4. ″The Scriptures cannot be broken,″ we are also told in verse 35.
  5. If He referred to them as gods, then it was to them that the word of God was delivered (and the Scripture cannot be broken), New King James Version (NKJV) The Holy Bible, New King James Version 1982 by Thomas Nelson″>John 10:35).
  6. New King James Version (NKJV) The Holy Bible, New King James Version 1982 by Thomas Nelson″>John 10:35).

When there appears to be a conflict in Scripture, further investigation is required to ensure that we are accurately understanding any ambiguous sections.It is necessary to examine the circumstances in which Christ delivered this speech to the thief on the cross in order to fully understand it.When the thief begged, ″Lord, remember me when You come into Your kingdom,″ Jesus replied, ″I will remember you.″ (42 Then he turned to Jesus and pleaded, ″Lord, keep me in mind when You come into Your kingdom.″ Luke 23:42 New King James Version (NKJV) The Holy Bible, New King James Version 1982 by Thomas Nelson″>The Holy Bible, New King James Version″>Luke 23:42.

  1. As a result, it is clear that the term ″Paradise″ in verse 43 refers to the Kingdom of God.

The broader context of what the Bible teaches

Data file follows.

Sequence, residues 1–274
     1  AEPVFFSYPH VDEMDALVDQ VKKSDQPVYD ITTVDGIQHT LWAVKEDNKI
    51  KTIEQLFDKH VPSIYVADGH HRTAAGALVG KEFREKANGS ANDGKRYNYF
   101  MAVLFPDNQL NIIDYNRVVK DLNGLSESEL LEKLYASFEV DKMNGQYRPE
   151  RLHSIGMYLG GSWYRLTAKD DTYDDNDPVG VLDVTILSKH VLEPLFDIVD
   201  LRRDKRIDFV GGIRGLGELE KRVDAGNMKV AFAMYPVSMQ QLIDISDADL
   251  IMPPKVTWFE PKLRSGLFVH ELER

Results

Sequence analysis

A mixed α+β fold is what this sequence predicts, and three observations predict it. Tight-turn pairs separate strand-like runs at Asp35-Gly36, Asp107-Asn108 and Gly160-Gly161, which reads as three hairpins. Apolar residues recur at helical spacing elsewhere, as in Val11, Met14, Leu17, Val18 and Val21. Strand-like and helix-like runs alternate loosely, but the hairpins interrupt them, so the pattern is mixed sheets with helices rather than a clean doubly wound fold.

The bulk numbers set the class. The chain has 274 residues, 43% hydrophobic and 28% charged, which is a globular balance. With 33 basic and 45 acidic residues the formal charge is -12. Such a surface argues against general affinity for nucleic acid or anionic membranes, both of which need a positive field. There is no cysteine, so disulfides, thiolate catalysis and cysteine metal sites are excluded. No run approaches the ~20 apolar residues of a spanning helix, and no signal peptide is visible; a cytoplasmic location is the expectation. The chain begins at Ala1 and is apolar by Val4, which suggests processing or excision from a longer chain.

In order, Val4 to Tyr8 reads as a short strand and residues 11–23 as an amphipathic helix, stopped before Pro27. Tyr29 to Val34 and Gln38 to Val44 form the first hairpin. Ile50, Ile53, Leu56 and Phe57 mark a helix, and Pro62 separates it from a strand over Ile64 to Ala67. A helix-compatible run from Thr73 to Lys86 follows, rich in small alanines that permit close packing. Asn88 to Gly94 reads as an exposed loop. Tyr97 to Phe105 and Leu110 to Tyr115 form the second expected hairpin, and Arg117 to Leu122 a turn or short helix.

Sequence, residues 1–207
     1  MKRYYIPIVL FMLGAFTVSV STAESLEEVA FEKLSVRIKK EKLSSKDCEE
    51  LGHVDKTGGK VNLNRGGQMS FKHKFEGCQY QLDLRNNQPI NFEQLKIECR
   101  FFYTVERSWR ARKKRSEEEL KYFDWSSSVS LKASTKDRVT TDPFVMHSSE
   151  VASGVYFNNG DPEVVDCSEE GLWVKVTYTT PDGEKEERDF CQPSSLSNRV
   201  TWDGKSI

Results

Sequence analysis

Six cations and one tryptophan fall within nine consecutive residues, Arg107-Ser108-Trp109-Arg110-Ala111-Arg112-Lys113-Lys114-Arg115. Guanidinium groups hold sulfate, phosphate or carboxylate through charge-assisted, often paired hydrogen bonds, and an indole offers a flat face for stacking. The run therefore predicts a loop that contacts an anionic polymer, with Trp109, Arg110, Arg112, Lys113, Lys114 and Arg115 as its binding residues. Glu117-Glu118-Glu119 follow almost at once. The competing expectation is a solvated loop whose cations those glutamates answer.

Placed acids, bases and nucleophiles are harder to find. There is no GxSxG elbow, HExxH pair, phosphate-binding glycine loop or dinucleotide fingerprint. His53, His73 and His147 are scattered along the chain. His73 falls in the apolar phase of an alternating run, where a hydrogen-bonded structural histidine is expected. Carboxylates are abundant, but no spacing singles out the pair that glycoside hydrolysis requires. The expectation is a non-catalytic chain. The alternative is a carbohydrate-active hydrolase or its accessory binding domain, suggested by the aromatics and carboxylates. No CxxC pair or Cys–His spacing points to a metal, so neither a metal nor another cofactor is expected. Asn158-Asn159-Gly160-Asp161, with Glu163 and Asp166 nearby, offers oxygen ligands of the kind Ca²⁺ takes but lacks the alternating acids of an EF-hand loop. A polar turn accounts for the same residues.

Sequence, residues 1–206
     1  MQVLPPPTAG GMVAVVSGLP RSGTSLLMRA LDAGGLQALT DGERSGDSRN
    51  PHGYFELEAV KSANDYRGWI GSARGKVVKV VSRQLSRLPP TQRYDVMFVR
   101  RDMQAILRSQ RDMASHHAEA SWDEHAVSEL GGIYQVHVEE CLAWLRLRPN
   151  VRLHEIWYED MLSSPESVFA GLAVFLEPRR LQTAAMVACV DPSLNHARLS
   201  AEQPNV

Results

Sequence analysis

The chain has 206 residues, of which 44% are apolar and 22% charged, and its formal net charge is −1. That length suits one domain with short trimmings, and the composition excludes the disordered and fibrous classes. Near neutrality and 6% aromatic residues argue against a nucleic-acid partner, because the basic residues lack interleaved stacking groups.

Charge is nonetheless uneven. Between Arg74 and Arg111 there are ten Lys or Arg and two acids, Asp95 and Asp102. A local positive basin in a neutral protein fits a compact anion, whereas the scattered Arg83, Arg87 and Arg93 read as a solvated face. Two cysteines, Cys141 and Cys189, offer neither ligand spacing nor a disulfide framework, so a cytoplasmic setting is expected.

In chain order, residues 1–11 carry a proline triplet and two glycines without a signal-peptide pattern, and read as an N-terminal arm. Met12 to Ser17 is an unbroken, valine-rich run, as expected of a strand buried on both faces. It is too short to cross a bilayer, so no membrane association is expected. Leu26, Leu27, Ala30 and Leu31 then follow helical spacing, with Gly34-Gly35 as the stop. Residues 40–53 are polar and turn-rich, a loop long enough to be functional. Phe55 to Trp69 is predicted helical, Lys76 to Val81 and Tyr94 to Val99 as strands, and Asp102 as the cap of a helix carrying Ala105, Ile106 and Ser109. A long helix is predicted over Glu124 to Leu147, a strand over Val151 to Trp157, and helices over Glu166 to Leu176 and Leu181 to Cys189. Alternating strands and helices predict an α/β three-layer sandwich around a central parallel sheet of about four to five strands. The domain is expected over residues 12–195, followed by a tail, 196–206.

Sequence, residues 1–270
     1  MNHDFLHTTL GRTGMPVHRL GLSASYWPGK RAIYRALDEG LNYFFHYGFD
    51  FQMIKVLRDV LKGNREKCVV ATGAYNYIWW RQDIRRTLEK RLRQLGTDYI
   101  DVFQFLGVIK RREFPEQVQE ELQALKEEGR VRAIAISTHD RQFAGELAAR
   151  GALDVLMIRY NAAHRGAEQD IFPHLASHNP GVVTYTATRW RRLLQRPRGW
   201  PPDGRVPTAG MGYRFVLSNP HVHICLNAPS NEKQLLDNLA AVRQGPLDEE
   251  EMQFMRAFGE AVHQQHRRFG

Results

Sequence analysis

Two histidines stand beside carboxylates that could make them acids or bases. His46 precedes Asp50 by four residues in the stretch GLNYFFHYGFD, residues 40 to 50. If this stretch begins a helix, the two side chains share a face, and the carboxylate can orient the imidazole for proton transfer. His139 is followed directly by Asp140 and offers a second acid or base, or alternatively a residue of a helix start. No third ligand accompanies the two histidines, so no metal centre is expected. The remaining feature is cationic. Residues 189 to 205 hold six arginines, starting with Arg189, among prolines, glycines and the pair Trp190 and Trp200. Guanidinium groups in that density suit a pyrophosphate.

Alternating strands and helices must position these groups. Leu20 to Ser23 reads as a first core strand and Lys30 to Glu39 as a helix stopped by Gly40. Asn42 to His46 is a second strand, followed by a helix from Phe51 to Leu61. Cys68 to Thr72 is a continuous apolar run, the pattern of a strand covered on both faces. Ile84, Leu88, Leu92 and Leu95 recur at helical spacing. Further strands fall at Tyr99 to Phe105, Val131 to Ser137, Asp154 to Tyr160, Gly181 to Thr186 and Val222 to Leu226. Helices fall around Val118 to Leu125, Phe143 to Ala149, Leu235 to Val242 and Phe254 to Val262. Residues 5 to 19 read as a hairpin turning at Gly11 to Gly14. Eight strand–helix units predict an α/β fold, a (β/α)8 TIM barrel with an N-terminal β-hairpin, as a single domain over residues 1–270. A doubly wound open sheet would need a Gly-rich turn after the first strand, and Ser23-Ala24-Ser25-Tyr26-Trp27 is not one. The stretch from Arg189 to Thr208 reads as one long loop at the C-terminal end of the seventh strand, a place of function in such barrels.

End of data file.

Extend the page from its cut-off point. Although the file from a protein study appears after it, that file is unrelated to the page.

1. The Bible’s overall context informs us that the term ″Kingdom″ refers to the reign of God’s authority over the entire planet, with Jesus Christ as its ruler and head of state.
  2. Who will be the first to enter that Kingdom?
  3. When Christ returns, the ″sheep″ of His flock will inherit the Kingdom (Matthew 25:31-46).
  4. ″When the Son of Man appears in His majesty, with all of the holy angels accompanying Him, He will sit on the throne of His glory,″ says the Bible.
  5. 32 Eventually, all of the nations will be brought before Him, and He will separate them one from another, much like a shepherd separates his sheep from his goats.
  6. 33 And He will place the sheep on His right hand, while the goats will be placed on His left.

34 ″Come, you blessed of My Father, inherit the kingdom that has been prepared for you from the beginning of time,″ the King will say to them at His right side.The Holy Bible, New King James Version (NKJV) was published in 1982 by Thomas Nelson as the New King James Version (NKJV) ″>Matthew 25:31-34; Mark 12:27-28 Once this occurs, the kingdom and dominion of the earth, as well as the greatness of all the kingdoms beneath the entire sky, will be handed to the people, who are the saints of the Most High.’His kingdom is an everlasting reign, and all dominions will serve and obey Him,’ says the Bible.

  1. The Holy Bible, New King James Version (NKJV) was published in 1982 by Thomas Nelson as the New King James Version (NKJV) ″Daniel 7:27 (KJV).
  2. Human mortal creatures will not be able to inherit that Kingdom because they must be transformed from flesh to spirit, which will occur at the resurrection of the just (50).
  3. It is my conviction, friends, that flesh and blood cannot inherit the kingdom of God, and that corruption cannot inherit the kingdom of God, and vice versa.
  4. 51 Behold, I reveal a revelation to you: we will not all sleep, but we will all be transformed— 52 in a split second, in the blink of an eye, at the sound of the last trumpet.